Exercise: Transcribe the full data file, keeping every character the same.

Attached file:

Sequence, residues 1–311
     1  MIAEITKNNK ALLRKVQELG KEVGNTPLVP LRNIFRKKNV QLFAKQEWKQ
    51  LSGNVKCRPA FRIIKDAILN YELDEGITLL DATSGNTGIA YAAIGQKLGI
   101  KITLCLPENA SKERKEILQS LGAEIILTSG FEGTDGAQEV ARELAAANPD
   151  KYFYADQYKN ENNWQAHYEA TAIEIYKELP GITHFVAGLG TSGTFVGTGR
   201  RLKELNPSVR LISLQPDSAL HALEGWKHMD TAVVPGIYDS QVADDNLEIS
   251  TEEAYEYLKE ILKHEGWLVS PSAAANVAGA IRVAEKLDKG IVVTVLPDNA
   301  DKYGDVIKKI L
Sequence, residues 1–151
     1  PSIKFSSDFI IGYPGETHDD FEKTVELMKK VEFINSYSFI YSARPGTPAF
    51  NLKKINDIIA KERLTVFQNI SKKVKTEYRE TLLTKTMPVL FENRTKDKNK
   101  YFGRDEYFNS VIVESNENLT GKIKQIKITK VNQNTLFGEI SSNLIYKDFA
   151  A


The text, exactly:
Sequence, residues 1–311
     1  MIAEITKNNK ALLRKVQELG KEVGNTPLVP LRNIFRKKNV QLFAKQEWKQ
    51  LSGNVKCRPA FRIIKDAILN YELDEGITLL DATSGNTGIA YAAIGQKLGI
   101  KITLCLPENA SKERKEILQS LGAEIILTSG FEGTDGAQEV ARELAAANPD
   151  KYFYADQYKN ENNWQAHYEA TAIEIYKELP GITHFVAGLG TSGTFVGTGR
   201  RLKELNPSVR LISLQPDSAL HALEGWKHMD TAVVPGIYDS QVADDNLEIS
   251  TEEAYEYLKE ILKHEGWLVS PSAAANVAGA IRVAEKLDKG IVVTVLPDNA
   301  DKYGDVIKKI L
Sequence, residues 1–151
     1  PSIKFSSDFI IGYPGETHDD FEKTVELMKK VEFINSYSFI YSARPGTPAF
    51  NLKKINDIIA KERLTVFQNI SKKVKTEYRE TLLTKTMPVL FENRTKDKNK
   101  YFGRDEYFNS VIVESNENLT GKIKQIKITK VNQNTLFGEI SSNLIYKDFA
   151  A